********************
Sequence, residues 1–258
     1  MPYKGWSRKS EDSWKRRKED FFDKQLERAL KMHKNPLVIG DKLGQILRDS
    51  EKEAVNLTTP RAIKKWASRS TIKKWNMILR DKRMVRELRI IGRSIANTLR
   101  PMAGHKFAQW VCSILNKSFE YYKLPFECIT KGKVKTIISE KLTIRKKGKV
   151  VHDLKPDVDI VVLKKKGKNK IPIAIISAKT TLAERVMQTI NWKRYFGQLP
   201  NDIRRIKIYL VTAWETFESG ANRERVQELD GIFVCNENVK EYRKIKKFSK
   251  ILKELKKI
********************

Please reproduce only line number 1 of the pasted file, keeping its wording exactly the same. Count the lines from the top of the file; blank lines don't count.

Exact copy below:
Sequence, residues 1–258